Residents Have Mixed Reactions To Columbia's Gateway Project
COLUMBIA - For local artist Sonya Nicholson, Columbia is her adopted hometown.
Nicholson moved to Columbia when she was a child, she's a graduate of Columbia College, and for the past 12 years she's worked downtown.
She said she has a vast interest in how Columbia looks and how it develops. Recently the Community Improvement District's Gateway Project proposal caught her attention.
"I have been driving down Broadway so many times, so when I saw the proposal for the Gateway, I know exactly where it was and I know that's something I will be passing again and again," Nicholson said.
The CID hired a St. Louis architectural and planning firm, Arcturis in October as the contractor to plan a design for the Gateway project.
The Executive Director of The District, Carrie Gartner, said the project aims to beautify and restructure the four "gateways" into the downtown district in Columbia to make it safer for pedestrians.
"It's more than just putting a piece of art in the middle of a sidewalk," Gartner said. "We wanted a red carpet into the downtown area. We wanted lighting so it highlights the area at night, we want landscaping so it looks good during the day. We want traffic coming so people don't get accosted by cars when they try to cross Broadway," said Gartner.
The four entries include the intersections of Broadway and Providence Road, Broadway and College Avenue, and the south and north entries to downtown coming from the MU campus and the Columbia College campus.
Gartner said $40,000 used to hire the design team comes from CID's budget. She said that price includes the whole package of a three-person design team from Arcturis and a local engineer group will work closely with infrastructures.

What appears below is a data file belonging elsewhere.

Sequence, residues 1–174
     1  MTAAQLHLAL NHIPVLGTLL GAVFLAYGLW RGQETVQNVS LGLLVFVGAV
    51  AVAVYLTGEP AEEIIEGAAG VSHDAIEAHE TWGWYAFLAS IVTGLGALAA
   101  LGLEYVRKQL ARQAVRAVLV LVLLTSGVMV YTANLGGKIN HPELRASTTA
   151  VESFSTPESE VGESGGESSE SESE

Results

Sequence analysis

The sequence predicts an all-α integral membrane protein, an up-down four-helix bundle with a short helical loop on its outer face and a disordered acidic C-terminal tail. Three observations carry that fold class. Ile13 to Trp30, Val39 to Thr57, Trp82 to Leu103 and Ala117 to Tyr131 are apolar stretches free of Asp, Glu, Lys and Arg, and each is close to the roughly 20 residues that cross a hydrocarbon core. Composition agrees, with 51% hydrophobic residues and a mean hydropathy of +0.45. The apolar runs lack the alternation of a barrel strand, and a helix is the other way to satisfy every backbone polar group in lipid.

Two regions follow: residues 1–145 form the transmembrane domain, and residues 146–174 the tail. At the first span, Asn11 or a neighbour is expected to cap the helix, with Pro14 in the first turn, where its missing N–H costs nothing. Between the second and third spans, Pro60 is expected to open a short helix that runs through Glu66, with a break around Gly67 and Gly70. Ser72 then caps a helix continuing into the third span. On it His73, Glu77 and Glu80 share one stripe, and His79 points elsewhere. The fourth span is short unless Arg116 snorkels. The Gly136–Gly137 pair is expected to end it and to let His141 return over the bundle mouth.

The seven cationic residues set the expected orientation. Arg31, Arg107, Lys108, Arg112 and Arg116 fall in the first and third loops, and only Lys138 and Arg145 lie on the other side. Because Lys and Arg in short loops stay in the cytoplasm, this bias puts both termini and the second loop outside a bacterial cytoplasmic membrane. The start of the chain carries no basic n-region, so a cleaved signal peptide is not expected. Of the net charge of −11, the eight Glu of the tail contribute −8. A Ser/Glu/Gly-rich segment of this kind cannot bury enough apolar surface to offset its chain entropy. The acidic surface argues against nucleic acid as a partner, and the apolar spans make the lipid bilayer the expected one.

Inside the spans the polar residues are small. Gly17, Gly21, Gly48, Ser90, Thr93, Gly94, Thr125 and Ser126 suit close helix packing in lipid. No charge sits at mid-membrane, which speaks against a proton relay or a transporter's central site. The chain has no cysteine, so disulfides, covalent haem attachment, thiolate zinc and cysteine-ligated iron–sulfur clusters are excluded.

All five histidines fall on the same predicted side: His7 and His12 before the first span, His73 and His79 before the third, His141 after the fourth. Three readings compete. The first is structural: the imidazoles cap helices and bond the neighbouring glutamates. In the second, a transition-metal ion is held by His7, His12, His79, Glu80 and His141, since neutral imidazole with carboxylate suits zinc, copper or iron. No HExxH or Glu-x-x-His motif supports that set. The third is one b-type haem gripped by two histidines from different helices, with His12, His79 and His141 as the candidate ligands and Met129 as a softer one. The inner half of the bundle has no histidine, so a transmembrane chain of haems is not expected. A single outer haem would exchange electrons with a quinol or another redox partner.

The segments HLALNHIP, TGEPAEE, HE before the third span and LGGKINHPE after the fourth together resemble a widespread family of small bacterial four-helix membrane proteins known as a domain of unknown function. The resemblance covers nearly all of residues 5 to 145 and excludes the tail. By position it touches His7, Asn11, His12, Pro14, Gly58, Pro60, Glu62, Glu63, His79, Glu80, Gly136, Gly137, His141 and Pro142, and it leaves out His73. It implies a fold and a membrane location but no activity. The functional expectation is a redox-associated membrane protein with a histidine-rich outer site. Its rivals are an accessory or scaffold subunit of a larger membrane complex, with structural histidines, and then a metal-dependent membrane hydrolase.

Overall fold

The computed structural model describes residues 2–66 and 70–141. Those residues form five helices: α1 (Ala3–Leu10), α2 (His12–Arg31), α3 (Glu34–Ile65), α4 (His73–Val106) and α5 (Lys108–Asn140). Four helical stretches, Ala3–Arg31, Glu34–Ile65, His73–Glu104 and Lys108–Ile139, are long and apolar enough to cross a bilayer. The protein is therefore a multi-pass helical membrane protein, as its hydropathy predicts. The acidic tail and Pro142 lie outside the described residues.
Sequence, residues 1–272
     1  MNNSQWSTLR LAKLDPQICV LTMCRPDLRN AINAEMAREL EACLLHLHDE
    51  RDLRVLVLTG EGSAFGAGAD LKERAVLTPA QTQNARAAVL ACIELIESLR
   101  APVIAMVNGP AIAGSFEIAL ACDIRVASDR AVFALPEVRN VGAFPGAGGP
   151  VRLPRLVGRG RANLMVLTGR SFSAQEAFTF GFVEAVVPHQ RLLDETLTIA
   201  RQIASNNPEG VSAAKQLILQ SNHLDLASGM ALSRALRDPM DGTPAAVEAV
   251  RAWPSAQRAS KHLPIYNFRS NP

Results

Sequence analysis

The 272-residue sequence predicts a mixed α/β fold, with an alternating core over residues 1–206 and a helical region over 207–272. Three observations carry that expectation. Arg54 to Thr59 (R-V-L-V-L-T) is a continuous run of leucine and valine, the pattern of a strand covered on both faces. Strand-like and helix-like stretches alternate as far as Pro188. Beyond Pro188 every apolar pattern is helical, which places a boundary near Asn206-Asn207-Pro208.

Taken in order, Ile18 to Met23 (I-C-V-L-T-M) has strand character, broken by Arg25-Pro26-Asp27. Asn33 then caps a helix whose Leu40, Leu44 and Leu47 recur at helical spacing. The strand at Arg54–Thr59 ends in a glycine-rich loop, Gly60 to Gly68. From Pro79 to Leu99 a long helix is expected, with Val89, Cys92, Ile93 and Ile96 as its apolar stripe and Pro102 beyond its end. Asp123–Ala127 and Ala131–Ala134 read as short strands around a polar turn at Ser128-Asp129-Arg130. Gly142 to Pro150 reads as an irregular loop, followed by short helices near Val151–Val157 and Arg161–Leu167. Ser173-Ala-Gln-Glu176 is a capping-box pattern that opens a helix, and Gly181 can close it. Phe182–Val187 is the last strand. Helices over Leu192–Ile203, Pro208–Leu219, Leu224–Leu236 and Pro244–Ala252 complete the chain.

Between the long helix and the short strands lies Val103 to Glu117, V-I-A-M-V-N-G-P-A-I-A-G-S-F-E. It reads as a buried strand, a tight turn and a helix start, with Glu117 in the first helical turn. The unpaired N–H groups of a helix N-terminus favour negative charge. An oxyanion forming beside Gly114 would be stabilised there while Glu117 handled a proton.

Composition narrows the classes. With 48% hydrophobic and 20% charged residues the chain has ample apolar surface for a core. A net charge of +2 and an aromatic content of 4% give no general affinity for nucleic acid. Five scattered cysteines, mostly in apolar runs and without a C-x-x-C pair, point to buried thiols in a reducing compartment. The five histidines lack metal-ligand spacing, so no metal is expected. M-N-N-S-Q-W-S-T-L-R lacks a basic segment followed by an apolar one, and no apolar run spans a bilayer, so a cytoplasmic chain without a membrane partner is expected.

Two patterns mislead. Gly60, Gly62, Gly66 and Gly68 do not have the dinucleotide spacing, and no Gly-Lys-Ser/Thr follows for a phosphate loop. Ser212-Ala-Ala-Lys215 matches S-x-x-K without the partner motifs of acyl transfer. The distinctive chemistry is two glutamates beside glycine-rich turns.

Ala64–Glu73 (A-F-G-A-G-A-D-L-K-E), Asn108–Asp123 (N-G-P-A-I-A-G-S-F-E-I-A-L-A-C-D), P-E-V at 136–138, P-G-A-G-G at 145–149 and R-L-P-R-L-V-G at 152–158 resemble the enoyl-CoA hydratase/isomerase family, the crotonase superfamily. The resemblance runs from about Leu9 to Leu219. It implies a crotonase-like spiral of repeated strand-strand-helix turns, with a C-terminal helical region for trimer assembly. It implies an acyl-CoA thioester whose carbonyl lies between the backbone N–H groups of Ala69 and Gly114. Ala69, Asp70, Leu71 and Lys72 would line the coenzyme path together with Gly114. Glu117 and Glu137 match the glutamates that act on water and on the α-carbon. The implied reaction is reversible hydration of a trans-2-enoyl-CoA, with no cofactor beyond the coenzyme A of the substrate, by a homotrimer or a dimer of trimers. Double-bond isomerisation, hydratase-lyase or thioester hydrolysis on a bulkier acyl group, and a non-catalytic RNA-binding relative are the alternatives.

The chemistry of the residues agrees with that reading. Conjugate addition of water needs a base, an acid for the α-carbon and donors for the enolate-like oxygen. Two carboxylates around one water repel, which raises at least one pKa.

"The idea of gateway into our downtown area has been something we've been looking at since the 90s, actually," Gartner said. "With the new community improvement district we finally have the wherewithal to really start a project this large. It's not just a public art or a statue, it's a natural gateway so there is wayfinding involved, there's a message involved, there's signage involved, and there are streetscape implements and pedestrian improvements as well."
The CID approved its largest ever budget of $631,000 in June 2013. A half cent increase in sales tax that went into effect in 2011 was one of the main reasons for the large budget. The CID set aside $70,000 between the FY 2013 AND 2014 budgets for the Gateway Project.
"If you ever looked at either in the Broadway, the traffic moves faster, there are four lanes, that's harder for pedestrians to get across, there's no crosswalks at 4th and Broadway for instance. So we thought this was really a good time to do this," Gartner said.
The project plans to add art structures, medians and possible gardening improvements to the four downtown entries.
"This is not an inexpensive project. It's a major project so it's going to be a long term project, but we did have enough funds really to hire a design team to come in and help us look at the issue of pedestrian safety, look at the issue of way finding of signage, how do we really make a statement about what Columbia is," Gartner said.